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Pito (Erythrina berteroana) and Chipilin (Crotalaria longirostrata), (Fabaceae), Two Soporific Vegetables of Central America

Julia F. Morton
Economic Botany
Vol. 48, No. 2 (Apr. - Jun., 1994), pp. 130-138
Published by: Springer on behalf of New York Botanical Garden Press
Stable URL: http://www.jstor.org/stable/4255598
Page Count: 9
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Pito (Erythrina berteroana) and Chipilin (Crotalaria longirostrata), (Fabaceae), Two Soporific Vegetables of Central America
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Abstract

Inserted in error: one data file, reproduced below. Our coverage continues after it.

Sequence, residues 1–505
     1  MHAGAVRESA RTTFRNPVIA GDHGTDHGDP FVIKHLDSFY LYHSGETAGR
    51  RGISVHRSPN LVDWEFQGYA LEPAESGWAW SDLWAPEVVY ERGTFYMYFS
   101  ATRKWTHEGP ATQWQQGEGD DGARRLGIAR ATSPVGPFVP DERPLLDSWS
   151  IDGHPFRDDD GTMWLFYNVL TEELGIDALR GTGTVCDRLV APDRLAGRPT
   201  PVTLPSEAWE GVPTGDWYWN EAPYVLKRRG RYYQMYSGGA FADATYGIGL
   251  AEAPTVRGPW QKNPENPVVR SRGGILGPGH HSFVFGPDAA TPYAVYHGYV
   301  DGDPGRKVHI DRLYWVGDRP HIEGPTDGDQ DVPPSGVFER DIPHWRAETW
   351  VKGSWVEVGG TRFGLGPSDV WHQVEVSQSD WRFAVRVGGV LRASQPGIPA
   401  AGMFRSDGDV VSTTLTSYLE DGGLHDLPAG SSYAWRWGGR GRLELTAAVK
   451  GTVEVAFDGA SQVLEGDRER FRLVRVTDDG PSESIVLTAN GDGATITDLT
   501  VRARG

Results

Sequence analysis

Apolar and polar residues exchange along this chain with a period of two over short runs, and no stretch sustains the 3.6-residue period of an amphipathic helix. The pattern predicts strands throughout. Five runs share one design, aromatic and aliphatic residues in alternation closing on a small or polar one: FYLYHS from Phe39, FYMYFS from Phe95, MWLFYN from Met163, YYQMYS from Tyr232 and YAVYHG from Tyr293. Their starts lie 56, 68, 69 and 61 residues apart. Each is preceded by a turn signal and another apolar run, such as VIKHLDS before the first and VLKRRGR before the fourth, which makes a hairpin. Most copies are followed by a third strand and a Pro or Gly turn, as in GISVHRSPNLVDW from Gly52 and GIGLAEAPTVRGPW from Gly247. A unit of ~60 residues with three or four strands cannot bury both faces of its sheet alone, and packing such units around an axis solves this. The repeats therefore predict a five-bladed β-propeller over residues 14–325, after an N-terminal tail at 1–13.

With more and more Latin Americans emigrating to the United States, their favorite foods are being imported to meet the demand that has arisen here. Two popular vegetables, especially of Guatemala and El Salvador, owe part of their popularity to their sedative effect. If eaten in sufficient quantity, they induce a deep, relaxing sleep. Prominent in these two countries is the tree called pito (Erythrina berteroana) (Fabaceae), the flowers and tender young shoots of which are sold in large quantity, fresh or frozen. The tree is exceedingly common because it is planted widely, both as a living fence and windbreak. Chipilin (Crotalaria longirostrata) of the same family, is valued for its young leaves and shoots, cooked and eaten as "greens" and also combined with beans, chopped meat or scrambled eggs. Chemical analyses show that the foliage is rich in calcium, iron, thiamine, riboflavin, niacin and ascorbic acid. The seeds and roots of the plant are undeniably toxic. / Con la creciente emigracion de los Latino Americanos hacia los Estados Unidos, sus alimentos favoritos son importados para satisfacer la demanda que surgio aquí. Dos vegetales populares, especialmente en Guatemala y en El Salvador deben su popularidad en parte a su efecto somnifero. Cuando se consumen en cantidad apreciable inducen sueño profundo y relajante. Prominente en estos dos paises es el arbol llamado pito (Erythrina berteroana) (Fabaceae). Las flores y las tiernas brotes son vendidas en cantidades grandes en forma fresca o congelado. El arbol es mury comun por estar sembrado como cerca o rompe viento. El chipilin (Crotalaria longirostrata), de la misma familia, está apreciado por sus hojas y brotes, cocidos y consumidos como verduras o mezclados con frijoles, carne molida o huevos revueltos. Analisis quimico indica que el follaje es rico en calcio, hierro, tiamina, riboflavina, niacina, y ácido ascorbico. Las semillas y las raíces de la planta son indubitablemente tóxicos.

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